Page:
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What is Spiking?

What is spiking

What is spiking?

Spiking is the process of adding an additional substance, such as drugs or alcohol, to somebody’s drink without their knowledge or permission.

Spiking safety tips 

  1. Before going out, let someone know where you’re going and what time you expect to be home.

  1. Make plans for your journey home

  2. Never leave your drink unattended - keep an eye on your own and your friends’ drinks.

  3. Get drinks directly from the bartender - don’t accept a drink from someone you don’t know.

  4. Consider sticking to bottled drinks and avoiding punch bowls or jugs of cocktails with wide openings.

  5. Use anti-spiking products, such a anti-spiking stoppers, drink protectors and glass covers.

  6. If you think your drink’s been tampered with, don’t drink it – tell a trusted person and the venue immediately.

How do I know if my drink has been spiked?

It can be difficult to spot the symptoms as they vary depending on what you have been spiked with and can be similar to having excess alcohol. If you start to feel strange or more drunk than you thought you should be, seek help straight away.

Although symptoms vary from substance to substance, symptoms usually include some of the following:

  • Lowered inhibitions
  • Difficulty concentrating or speaking
  • Loss of balance and finding it hard to move
  • Visual problems, particularly blurred vision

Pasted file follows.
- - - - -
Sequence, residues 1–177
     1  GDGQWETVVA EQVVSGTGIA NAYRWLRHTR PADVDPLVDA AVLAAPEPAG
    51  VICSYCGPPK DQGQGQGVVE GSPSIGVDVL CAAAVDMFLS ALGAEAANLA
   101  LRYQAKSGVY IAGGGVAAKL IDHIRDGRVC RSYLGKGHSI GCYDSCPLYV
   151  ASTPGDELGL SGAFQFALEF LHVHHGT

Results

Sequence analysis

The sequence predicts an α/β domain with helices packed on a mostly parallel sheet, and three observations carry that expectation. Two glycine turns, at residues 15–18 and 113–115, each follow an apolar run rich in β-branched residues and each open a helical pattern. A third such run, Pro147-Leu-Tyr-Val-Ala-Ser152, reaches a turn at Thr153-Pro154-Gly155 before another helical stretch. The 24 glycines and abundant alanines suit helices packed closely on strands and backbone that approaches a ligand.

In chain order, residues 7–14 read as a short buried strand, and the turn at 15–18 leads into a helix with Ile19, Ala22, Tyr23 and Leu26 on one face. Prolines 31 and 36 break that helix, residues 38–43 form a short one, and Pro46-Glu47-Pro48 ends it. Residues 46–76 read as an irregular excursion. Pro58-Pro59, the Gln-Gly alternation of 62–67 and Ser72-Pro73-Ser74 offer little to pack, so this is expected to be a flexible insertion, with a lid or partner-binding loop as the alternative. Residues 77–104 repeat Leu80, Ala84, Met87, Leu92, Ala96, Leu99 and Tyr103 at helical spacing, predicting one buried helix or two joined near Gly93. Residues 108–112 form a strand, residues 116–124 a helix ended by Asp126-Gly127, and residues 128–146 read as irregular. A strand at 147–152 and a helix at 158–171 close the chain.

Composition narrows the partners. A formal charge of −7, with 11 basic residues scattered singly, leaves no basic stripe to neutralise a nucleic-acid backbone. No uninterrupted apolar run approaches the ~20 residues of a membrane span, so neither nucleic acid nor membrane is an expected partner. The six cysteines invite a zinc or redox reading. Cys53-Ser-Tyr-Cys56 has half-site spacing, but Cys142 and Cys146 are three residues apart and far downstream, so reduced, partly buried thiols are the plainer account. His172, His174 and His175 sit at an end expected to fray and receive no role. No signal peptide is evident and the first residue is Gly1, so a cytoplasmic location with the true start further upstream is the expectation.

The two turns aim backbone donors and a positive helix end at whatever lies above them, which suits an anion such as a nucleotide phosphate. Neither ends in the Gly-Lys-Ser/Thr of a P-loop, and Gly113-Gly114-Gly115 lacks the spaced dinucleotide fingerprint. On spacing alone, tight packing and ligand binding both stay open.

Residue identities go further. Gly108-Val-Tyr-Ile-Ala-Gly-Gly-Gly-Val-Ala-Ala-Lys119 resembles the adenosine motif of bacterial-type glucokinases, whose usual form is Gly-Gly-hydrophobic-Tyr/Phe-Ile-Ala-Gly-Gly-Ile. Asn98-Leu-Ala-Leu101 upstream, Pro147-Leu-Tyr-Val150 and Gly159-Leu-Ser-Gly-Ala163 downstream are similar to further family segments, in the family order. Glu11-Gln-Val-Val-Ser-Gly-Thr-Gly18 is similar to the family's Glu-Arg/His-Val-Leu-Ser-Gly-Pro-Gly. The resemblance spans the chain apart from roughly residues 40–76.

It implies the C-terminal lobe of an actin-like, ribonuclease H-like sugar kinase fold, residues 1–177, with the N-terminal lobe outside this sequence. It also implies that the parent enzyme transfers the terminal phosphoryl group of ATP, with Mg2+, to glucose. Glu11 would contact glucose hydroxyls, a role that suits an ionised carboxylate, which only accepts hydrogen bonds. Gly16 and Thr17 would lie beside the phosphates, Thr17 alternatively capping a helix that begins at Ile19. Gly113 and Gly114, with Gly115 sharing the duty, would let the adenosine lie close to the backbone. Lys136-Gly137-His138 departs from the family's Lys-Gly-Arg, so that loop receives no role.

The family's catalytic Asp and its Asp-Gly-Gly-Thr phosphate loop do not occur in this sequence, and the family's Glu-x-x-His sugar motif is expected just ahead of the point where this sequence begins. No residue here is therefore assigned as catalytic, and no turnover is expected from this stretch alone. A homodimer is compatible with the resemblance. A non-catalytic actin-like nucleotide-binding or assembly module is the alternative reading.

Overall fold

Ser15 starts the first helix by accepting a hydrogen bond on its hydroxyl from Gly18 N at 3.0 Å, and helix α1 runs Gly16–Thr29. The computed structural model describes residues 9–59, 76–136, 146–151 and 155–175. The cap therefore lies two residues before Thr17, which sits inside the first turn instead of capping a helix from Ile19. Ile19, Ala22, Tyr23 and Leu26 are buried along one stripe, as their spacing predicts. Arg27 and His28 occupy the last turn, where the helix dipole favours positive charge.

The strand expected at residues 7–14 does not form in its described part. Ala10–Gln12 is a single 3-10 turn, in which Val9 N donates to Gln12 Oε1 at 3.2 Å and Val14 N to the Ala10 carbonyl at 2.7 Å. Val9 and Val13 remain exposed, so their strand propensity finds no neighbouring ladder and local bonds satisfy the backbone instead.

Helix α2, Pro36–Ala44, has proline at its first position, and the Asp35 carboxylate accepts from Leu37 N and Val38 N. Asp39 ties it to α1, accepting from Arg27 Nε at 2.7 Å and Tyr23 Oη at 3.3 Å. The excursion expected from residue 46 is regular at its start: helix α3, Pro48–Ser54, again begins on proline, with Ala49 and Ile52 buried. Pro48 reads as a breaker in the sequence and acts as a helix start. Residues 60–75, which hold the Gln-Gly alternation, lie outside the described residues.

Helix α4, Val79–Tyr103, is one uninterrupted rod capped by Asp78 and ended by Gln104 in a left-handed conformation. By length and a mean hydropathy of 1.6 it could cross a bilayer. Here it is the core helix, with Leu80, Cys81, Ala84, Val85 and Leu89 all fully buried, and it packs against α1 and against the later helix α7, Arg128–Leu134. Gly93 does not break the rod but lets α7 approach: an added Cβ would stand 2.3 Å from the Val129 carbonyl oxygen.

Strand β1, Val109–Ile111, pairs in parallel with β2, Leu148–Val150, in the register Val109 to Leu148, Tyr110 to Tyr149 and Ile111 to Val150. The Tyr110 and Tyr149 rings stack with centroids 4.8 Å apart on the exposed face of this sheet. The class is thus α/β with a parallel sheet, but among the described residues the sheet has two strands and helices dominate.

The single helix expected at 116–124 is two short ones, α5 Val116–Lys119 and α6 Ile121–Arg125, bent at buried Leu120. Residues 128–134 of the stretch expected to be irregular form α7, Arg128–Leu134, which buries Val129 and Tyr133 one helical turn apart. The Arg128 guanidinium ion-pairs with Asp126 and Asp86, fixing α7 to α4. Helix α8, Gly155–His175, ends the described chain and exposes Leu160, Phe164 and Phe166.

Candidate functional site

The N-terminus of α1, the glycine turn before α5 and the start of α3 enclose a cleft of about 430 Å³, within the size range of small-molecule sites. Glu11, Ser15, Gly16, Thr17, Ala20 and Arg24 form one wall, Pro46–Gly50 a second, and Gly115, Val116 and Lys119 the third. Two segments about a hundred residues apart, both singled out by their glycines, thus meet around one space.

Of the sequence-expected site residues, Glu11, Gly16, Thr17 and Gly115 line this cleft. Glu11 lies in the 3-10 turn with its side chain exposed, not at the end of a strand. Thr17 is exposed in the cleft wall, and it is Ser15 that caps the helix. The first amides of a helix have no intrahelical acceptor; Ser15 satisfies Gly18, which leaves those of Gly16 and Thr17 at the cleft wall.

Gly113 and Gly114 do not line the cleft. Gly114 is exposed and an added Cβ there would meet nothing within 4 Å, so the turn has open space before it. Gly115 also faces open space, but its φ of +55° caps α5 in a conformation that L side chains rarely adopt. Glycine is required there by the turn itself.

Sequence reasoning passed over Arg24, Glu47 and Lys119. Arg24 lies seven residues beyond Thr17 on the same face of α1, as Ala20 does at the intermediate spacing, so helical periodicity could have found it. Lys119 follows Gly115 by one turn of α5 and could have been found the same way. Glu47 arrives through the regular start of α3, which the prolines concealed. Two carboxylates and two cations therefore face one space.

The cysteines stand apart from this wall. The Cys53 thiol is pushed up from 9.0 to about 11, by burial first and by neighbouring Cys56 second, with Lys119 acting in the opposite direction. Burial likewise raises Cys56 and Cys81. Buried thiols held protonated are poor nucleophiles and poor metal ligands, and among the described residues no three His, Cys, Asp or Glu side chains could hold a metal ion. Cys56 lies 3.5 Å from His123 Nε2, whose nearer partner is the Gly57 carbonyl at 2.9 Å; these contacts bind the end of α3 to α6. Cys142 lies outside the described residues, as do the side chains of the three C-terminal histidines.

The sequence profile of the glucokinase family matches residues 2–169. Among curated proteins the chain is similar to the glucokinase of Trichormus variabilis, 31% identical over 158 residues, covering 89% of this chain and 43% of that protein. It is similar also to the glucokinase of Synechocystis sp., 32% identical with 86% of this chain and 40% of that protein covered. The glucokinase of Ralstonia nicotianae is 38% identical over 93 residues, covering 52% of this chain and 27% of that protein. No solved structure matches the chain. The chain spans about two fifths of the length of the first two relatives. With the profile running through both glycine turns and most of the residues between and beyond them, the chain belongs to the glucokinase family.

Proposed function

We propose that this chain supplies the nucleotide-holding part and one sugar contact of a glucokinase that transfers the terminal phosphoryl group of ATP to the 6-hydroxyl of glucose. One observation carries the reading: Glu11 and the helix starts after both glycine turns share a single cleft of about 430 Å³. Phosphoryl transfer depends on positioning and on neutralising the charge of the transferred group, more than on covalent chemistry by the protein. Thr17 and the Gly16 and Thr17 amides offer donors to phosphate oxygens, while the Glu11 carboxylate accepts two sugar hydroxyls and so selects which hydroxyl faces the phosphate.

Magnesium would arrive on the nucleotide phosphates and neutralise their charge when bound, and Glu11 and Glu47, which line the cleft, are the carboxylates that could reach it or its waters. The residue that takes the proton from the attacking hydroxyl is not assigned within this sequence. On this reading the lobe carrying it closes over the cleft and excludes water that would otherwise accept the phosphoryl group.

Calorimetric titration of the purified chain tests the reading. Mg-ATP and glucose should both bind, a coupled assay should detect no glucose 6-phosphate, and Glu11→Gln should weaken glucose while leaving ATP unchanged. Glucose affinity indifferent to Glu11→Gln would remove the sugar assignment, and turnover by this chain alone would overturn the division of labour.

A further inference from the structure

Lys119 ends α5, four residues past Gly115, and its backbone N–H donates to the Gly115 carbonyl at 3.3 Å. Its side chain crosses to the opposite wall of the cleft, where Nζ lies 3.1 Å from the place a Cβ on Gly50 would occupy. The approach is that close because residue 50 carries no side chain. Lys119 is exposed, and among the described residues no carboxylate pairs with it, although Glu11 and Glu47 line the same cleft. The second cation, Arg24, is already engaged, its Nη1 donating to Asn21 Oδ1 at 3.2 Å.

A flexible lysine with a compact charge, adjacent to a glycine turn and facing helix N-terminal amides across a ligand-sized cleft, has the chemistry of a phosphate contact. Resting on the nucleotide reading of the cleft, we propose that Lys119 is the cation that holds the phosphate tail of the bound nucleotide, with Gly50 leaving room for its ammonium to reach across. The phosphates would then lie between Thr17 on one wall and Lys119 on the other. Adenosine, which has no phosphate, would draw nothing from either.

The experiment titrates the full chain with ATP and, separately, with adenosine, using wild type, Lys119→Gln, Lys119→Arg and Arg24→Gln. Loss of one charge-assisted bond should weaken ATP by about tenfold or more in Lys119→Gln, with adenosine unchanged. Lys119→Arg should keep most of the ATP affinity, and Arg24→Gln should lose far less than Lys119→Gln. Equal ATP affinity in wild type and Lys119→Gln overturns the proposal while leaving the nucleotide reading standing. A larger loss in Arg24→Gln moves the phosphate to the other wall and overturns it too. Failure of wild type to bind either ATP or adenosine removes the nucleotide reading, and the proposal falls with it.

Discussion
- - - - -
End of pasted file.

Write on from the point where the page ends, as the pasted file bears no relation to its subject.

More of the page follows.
• Memory loss (amnesia) or blackouts
  • Feeling confused or disorientated, particularly after waking up (if you have been asleep/unconscious)
  • Paranoia (a feeling of fear or distrust of others)
  • Hallucinations (seeing, hearing or touching things that aren’t there) or having an ‘out of body’ experience
  • Nausea and vomiting
  • Unconsciousness

What should I do if I think my drink has been spiked?

  1. Immediately tell someone you trust, as well as the venue.

  2. If you need urgent help, call 999, or ask the venue to do this for you.

  3. Be wary of accepting help from a stranger and don’t leave with someone you don’t know.

  4. If you feel unwell, someone you trust should take you to your nearest A&E department. Tell the medical staff that you think your drink’s been spiked.

  5. Arrange for a trusted friend or relative to take you home and stay with you until the drugs have fully left your system.

  6. Report it to the police as soon as you can. They may ask you to provide blood and urine samples. Some drugs leave the body in less than 12 hours, so it is important to report and test as soon as possible. Other drugs remain in the body longer so testing can take place up to seven days after the incident.

Report the incident to the venue as soon as possible.

How do I report an incident?

Reporting at the time:

  • If you think you or a friend has been spiked, call 999 immediately. It is important to be seen by a medical professional as soon as possible

  • Report the incident to the venue, giving them the suspected spiked drink to be collected as evidence for the police. The venue should have policies and procedures in place to look after you until you receive emergency assistance from police or paramedics, as required

Reporting later:

  • You can report a crime involving spiking online, or by calling the police on 101
  • Report the incident to the venue as soon as possible

For more information, visit Stamp Out Spiking and DrinkAware. If you have been a victim and require support, use out Support Directory to find relevant contacts.